Your recollections of your cabbie years reminded me of that one year at the Boston GTG when you rose when it was your turn to tell a funny travel story, and you simply announced your name, then said "I used to drive a cab in Boston", smiled at everyone and sat down. WTF??!?!? How did that fulfill the requirement?? I'm still trying to figure out how/why Gpanda didn't penalize you on that!

But your re-naming the Boscolo reminds me of the time I stayed in Paris at the AdequateHotelLeveque. Why is it that commercial beverages and OTC drugs in America are held to truth in advertising standards, and hotels abroad are not?

BC
bookchick is online now  
Dec 9th, 2010, 07:43 PM
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I'm just catching up with you Rizz, and was thinking as I read about Hong Kong that you didn't seem very cranky to me. Then you got to Lyon, and I thought - well-justified crankiness! We Asia travelers get so spoiled. For the price you paid in Lyon, you could have a suite with butler service in Yangon.
Kathie is online now  
Dec 11th, 2010, 08:50 AM
  #33  
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I am back in the arms of Billerica.

The Festival of Lights far exceeded all expectations. I knew that there'd be a bunch of installations with light shows, but I had no idea that the entire city, or at least the downtown area, would be transformed into a feel-good people party. I took a bunch of videos that will take some time to edit and distill, and they came out very, very well.

I did have a fantastic lunch at the Cafe Burf the day before I left. A "Soupe Royl de Gibier" wasn't really a soup at all, but an ultra-rich reduction with slices of squab and some other fowl, with chestnuts and some sweet grape-like fruit. Main course was ris de veau, which is my absolute favorite food on earth. I try to be a reasonably moral eater: I'm not at all a vegetarian, but I do try to show some respect and thanks for those beasts who were dispatched for my dining pleasure. (Not that my feelings are of any particular comfort to the unfortunate beasts.) But I do try to avoid eating young animals, or abused beasts (think foie gras). Except when it comes to ris de veau. Morality is conveniently put aside. I offer no alibi. And the restaurant (actually called Bec something or other, just off the Place de la Republique) did the ris de veau great justice, croustillant on the outside and perfect on the inside, garnished with some truffles (which do nothing for me -- sorry) and some pureed potatoes on the side. My guess is that the potatoes were made with 1 potato, 3/4 pound of butter, a pinch of salt, and 11 egg yolks. An hour later my liver went into cardiac arrest, but it was all mostly worth it.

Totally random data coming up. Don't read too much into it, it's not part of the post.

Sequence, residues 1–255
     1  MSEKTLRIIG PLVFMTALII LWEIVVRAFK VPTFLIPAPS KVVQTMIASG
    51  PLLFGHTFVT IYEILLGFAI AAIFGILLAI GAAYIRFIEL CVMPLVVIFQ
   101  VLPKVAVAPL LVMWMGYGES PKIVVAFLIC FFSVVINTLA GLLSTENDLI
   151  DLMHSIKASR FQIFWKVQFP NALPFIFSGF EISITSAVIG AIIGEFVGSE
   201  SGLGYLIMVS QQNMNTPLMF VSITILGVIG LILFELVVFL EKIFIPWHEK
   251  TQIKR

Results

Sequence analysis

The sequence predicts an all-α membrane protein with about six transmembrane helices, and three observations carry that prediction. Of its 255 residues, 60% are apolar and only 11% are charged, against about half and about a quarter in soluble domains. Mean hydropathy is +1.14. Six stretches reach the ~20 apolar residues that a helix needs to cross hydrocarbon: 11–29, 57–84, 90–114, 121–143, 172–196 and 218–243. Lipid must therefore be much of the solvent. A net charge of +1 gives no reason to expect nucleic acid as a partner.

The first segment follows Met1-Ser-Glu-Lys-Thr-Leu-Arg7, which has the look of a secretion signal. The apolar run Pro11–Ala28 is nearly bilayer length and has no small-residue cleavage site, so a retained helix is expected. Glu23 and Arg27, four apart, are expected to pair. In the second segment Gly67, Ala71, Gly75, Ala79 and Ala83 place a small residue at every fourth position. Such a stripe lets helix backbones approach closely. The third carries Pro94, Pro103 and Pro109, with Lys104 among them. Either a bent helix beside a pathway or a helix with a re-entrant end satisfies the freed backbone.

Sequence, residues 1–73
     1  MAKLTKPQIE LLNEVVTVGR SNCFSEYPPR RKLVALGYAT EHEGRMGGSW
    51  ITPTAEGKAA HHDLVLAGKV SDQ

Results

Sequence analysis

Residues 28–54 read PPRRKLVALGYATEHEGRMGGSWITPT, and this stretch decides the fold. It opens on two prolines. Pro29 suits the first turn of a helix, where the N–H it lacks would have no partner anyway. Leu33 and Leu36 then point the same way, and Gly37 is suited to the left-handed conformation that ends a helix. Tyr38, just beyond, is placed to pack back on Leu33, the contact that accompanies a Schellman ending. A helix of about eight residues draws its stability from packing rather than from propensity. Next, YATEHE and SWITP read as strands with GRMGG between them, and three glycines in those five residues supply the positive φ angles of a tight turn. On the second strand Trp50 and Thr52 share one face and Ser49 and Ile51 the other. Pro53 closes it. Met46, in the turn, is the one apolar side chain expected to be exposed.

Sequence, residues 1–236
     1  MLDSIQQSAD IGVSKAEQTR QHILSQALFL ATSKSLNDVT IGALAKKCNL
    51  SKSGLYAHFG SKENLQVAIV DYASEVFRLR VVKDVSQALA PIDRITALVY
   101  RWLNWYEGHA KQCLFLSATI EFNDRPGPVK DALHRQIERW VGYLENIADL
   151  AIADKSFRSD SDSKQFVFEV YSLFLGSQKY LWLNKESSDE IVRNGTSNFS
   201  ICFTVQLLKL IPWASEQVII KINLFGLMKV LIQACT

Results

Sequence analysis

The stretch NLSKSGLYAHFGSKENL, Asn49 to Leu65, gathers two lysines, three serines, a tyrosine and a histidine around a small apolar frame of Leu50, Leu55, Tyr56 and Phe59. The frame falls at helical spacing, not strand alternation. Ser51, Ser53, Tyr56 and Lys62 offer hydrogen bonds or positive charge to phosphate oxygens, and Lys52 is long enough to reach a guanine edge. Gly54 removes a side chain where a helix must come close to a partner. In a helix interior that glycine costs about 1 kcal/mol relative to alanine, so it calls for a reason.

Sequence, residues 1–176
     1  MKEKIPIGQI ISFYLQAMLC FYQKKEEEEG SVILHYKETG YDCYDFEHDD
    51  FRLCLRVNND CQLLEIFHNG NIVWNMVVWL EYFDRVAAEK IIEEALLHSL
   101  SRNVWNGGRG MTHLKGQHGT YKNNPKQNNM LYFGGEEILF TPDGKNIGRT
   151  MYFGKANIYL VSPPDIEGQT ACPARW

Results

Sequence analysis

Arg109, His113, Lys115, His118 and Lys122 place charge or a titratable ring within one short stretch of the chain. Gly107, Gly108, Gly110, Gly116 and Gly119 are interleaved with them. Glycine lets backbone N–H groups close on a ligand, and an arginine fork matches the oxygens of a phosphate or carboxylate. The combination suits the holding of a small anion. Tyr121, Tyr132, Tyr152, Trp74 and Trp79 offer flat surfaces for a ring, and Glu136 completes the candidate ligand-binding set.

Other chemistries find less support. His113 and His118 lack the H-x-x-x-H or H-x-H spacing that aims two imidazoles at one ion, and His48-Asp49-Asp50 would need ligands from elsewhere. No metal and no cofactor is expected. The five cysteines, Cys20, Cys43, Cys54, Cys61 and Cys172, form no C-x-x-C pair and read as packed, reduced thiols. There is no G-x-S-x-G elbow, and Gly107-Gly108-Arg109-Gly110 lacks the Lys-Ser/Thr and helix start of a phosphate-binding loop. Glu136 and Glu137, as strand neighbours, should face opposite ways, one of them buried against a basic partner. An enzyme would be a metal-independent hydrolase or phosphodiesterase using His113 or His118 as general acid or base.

Flights home were uninteresting. Everything at home is back to normal: housemate Lola spent the night sleeping on my hip and is has not let me out of her sight all day. Suitcases litter the floor, and I'm hoping they'll somehow unpack themselves.

-30-
DonTopaz is offline  
Dec 11th, 2010, 09:57 AM
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Rizz, glad to hear your journey was safe.
Also pleased to hear that Lyon did not fail you in The Festival of Light and on the epicurean front.

Hope you adjust to the return home and that your bags will unpack themselves and your laundry will do itself. (Although if that happens, you may want to consult a physician or your rabbi.)

BC
bookchick is online now  
Dec 11th, 2010, 12:06 PM
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Thanks again, for an off-beat, interesting, detailed report. We followed you all the way, Don. Where to, next?

stu (btw, I drove a cab nights in Bridgewater as a vital adjunct to my teacher's pay (1952-53..washed dishes at Ken's Steakhouse, Natick-Shoppers World, the following year...we could swap stories).
tower is offline  
Dec 11th, 2010, 02:58 PM
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Cafe Burf? Isn't that the hangout of Guy Noir?
indianapearl is offline  
Dec 11th, 2010, 03:22 PM
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Ohaiyo gozaimasu rizzuto-san,

Great writing and have thouroughly enjoyed this report, thank you. Maybe you should think about lcuy's thread regarding writing a story for the North Pole prize. The NP winter couldn't be worse than one in Billerica,lol

Welcome Home and Aloha!
hawaiiantraveler is offline  
Dec 11th, 2010, 08:17 PM
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great reporting...how are the lights in billerica?

stu...in the early 50's i once had a dirty plate at ken's... what say you?
rhkkmk is offline  
Dec 14th, 2010, 08:44 AM
  #39  
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A video sampling of the festival in Lyon is now up:

http://vimeo.com/17805567

It's 15 minutes long. Looks best on full screen, which you can get by clicking the flowery-shaped icon in the lower right (just to the right of "HD").
DonTopaz is offline  
Dec 14th, 2010, 02:53 PM
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don't give up your day job
rhkkmk is offline